rebecca shadowen, m.d., Infectious Disease

In her community, Dr. Shadowen was an advocate for public health measures which were not always well received. She died after contracting a severe COVID-19 infection, having continued her advocacy even from her hospital bed.

Rosalind mitchell, m.d., Emergency medicine

Dr. Mitchell’s sister, Dr. Debby Mitchell Burton, a blogger, honored her sister with this Facebook post. Roz, as her family and friends called her, died of COVID-19 complications in January 2021.

doctor talking to a woman
photo compliments American Academy of Family Physicians

Melissa welby, m.d., psychiatrist

With her psychiatric experience, Dr. Welby offered practical advice about managing the stress of the pandemic, especially in the early days when it was all so new and unknown. Such as this post-

How to stay positive during quarantine

Despite the limitations that come with stay-at-home orders, the range of possibilities for entertaining and enjoyable distractions are vast. Although life balance is always important, it is now essential in order to maintain our mental health during and after the pandemic. Let’s have some fun while trying to stay positive during quarantine.

Dr. Melissa Welby
Female doctor looking at an xray

the kudji doctors

This mother-daughter duo made history by graduating from medical school and starting residencies at the same time.

a woman in white coat with mask over mouth

laurent duvernay-tardif, m.d.

Football player and physician don’t usually go together in the same sentence, but for Dr. Duvernay-Tardif they do.

Laurent Duvernay-Tardif refused to choose between earning his MD and playing in the NFL. Today, he’s the first active player who’s also a doctor. At this link you can

Meet the NFL Player Who May Soon Be Your Doctor

“At first I wanted to be an engineer, but after talking with some engineers, I realized there is a lot of computer work, and while I’m a man of science, at the same time I need that human interaction with people,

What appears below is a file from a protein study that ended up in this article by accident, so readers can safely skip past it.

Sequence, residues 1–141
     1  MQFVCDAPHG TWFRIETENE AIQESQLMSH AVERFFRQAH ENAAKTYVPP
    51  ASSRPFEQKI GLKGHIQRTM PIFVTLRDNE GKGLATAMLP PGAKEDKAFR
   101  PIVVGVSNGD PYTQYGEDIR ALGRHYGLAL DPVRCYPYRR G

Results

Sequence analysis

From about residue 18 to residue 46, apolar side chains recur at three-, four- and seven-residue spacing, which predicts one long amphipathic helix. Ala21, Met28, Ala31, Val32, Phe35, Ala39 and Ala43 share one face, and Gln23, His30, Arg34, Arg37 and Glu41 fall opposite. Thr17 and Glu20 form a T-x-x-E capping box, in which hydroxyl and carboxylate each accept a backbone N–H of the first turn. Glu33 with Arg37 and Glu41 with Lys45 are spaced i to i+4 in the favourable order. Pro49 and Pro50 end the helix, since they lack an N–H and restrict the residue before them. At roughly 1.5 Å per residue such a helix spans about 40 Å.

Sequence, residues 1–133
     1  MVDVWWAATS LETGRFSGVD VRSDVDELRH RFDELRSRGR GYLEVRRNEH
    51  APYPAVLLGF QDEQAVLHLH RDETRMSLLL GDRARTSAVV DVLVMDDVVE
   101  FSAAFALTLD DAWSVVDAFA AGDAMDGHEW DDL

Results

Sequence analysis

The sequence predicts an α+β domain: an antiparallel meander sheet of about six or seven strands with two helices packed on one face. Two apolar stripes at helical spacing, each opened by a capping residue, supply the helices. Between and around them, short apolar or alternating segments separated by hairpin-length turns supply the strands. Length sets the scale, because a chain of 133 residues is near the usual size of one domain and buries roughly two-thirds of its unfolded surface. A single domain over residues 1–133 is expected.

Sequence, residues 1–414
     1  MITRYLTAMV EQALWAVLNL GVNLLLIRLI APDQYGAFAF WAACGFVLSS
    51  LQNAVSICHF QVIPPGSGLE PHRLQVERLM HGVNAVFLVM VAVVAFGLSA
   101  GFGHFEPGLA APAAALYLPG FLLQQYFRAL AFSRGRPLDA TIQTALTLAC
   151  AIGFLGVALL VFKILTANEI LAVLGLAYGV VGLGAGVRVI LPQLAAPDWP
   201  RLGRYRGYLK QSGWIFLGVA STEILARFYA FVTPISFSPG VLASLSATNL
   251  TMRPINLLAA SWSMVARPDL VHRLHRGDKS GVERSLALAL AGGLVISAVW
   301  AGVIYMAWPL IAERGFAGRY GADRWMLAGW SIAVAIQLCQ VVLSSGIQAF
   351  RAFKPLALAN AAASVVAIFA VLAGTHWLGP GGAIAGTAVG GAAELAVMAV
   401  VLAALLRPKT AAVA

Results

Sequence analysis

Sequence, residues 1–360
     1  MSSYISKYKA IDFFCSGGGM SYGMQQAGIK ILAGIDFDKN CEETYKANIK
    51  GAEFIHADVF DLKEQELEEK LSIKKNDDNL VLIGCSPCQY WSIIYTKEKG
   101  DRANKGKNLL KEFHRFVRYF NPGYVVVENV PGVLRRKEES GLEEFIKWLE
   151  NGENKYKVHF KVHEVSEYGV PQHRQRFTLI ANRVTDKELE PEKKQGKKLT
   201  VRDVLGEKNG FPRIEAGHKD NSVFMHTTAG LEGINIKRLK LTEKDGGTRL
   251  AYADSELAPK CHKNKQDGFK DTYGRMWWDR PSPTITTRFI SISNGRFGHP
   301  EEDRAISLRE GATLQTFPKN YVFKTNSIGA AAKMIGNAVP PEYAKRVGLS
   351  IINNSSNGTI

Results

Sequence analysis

Medicine is one of the only professions where you get to master the science of things — anatomy, pharmacology, kinesiology — but you also have to interact and communicate with patients from many different cultural and economic backgrounds, and you really have to take into account the social context of each patient in order to come up with the best treatment options.”

Dr. Duvernay-Tardif

your physicians

The most important doctors for you to honor are the ones who helps you, your family, and your community with their health care needs. One way you can honor them is to join them in “sharing the HEART of health” where you live. Some ways you can do this (and you probably already are) include

  • donating to or volunteering at a local food bank
  • assisting with meal delivery to homebound persons
  • fostering and adopting children
  • tutoring students
  • donating to scholarship funds
  • teaching and coaching sports and other physical activities
  • supporting shelters for homeless people
  • helping people effected by natural disasters

Use the comments to tell us what you do and share the impact it has made in the lives of the people who are helped.

Some photos in this post are from the LIGHTSTOCK.COM collection, an affiliate link. Consider Lightstock for your photo and graphic needs. You will get quality media and help support the mission of this blog-to inform and inspire us all to discover the HEART of health.

exploring the HEARTS of physicians

Thanks for following this blog. If you’re visiting, I would love for you to start following Watercress Words : use the form to get an email notification of new posts. Don’t worry, you won’t get anything else from me. I also want you to find and follow me on Facebook, Pinterest , Instagram, and LinkedIn .